Despite my rough start as a youth, I would have to say I considered myself to be a writer during my senior year of college. I took a creative writing course and dove headlong into poetry and short story-writing. My instructor was very supportive, and she loved my poetry. She was the first person to ever call me “a poet” and that stuck in my head all these years. I would have to say, however, that I didn’t fully consider myself to be a writer until the Summer of 2018, after I had, again, found myself in graduate school and taking creative writing classes. It was like stepping back in time and picking up where I left off. With a lifetime of experiences behind me and a definite voice, I put pen to paper and the poems and short stories started to flow. I started to submit my stuff to literary journals and magazines and, over time, began to get my work published. At that point, I knew I had finally realized my ultimate goal of being a writer. I had a literary journal instant message me on Twitter the other day, stating that they loved my work and wanted me to submit some poetry to their publication. If I ever needed proof, that was it. I love the universe and its crazy ways.

Fiona: What inspired you to write your first book?

At some point, the collection of poems and short stories in Indelible Fingerprints felt like a cohesive representation of who I was—am—at the moment. I was going to hold off a while longer to add more work, but I started to feel ‘labor pains’ and decided that my first book would be something more personal and intimate. I think I achieved that.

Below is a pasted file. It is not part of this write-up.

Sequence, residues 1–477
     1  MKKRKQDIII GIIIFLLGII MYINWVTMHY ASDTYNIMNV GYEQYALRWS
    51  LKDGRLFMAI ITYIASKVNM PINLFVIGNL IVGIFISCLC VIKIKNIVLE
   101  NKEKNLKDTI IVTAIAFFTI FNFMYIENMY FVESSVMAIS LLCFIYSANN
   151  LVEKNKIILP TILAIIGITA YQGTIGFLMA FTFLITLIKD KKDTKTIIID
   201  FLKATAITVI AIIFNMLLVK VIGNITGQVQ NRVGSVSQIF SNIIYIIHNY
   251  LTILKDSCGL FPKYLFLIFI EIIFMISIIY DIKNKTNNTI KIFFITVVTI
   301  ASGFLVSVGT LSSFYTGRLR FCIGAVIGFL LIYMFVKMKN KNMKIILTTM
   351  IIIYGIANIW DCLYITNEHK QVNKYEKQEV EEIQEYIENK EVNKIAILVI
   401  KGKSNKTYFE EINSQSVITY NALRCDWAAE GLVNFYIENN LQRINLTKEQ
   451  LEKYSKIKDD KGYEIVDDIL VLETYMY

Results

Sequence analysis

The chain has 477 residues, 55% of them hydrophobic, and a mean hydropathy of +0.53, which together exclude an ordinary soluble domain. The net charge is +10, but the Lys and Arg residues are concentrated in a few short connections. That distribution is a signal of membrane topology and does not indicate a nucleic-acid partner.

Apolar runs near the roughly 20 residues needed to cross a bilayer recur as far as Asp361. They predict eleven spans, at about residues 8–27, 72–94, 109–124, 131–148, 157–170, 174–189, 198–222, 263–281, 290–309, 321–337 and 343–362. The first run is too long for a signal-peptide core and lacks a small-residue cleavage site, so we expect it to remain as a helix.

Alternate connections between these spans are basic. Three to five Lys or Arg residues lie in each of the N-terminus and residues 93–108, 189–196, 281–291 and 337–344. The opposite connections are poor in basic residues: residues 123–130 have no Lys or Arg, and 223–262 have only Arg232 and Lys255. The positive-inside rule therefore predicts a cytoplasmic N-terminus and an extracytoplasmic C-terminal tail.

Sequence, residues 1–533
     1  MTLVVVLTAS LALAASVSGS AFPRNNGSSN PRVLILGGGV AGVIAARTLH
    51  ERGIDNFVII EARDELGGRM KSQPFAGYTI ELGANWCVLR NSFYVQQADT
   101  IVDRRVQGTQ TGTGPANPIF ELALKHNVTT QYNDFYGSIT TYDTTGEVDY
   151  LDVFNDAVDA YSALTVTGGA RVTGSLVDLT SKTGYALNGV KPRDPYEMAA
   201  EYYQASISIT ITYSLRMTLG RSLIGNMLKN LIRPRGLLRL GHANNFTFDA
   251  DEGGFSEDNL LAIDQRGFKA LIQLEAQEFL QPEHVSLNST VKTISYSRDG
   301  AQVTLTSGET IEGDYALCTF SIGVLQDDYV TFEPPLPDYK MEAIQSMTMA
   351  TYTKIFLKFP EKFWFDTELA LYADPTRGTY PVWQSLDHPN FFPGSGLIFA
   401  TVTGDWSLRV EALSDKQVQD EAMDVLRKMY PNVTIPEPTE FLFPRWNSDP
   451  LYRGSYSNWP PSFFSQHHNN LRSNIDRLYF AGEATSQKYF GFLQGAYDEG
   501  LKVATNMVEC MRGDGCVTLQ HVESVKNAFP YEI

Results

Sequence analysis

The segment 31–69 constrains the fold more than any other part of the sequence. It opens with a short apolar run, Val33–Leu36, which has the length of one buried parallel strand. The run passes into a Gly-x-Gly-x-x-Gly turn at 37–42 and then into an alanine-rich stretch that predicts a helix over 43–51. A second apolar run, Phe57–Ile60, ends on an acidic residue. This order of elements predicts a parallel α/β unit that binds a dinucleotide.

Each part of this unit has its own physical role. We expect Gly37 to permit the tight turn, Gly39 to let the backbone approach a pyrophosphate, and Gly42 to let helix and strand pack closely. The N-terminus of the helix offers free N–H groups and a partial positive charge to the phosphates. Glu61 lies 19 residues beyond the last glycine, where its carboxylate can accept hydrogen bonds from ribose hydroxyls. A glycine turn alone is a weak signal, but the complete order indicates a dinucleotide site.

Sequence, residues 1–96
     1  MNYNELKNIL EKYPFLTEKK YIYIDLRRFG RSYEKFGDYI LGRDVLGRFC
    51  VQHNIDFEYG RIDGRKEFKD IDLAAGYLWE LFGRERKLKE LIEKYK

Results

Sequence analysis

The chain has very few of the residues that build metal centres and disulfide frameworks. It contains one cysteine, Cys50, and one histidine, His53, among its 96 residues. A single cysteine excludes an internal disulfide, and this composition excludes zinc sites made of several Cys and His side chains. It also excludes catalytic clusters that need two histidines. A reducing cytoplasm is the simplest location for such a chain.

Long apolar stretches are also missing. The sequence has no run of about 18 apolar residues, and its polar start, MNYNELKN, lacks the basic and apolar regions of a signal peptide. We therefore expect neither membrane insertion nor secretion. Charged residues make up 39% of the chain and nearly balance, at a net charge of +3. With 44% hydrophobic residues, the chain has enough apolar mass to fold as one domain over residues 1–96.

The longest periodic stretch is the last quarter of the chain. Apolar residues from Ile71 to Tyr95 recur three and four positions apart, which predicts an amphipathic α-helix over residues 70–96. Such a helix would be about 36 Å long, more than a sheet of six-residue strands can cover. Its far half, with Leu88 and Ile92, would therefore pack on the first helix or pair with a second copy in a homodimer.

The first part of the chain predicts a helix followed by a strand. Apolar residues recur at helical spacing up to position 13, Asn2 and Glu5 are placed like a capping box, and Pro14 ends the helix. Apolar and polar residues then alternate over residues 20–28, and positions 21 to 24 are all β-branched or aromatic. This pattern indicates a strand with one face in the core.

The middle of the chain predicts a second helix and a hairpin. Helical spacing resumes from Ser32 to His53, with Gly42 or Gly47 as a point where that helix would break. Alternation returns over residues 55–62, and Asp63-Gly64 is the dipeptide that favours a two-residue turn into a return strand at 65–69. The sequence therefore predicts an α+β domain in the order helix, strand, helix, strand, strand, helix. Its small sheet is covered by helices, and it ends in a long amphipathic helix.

Fiona: How did you come up with the title?

Indelible Fingerprints encompasses what the poems and stories represent, which are moments in time—irreversible—that shaped me into the person I am today. Good or bad, they are parts of me and my narrative that can’t ever be erased, sticking like birthdays or the need to breathe. Whether it was God or Fate, something had a hand in moulding things. The title was perfect.

Fiona: Do you have a specific writing style? Is there anything about your style or genre that you find particularly challenging?

I have a tendency to gravitate towards dirty realism, which is something I appreciate very much in authors that I love to read, such as Raymond Carver and Denis Johnson. Whether poems or short stories, I tend to create smaller but gritty pieces that make one feel like they just stepped into and out of a person’s experience at the right time. That is very evident in my short stories, where there are really no resolutions to the stories, just the anticipation of them. Life doesn’t play out that way. Things are uncertain and can turn on a dime at any moment. I want the reader to come to their own conclusions, maybe inject a little of themselves into the characters and plots, living through them…just a little. In terms of my poetry, I, too, prefer short pieces but have been known to churn out a 10-stanza monster. Either way, I try to distil life’s experiences into brief, knowable moments that connect, which is why I love haiku so much.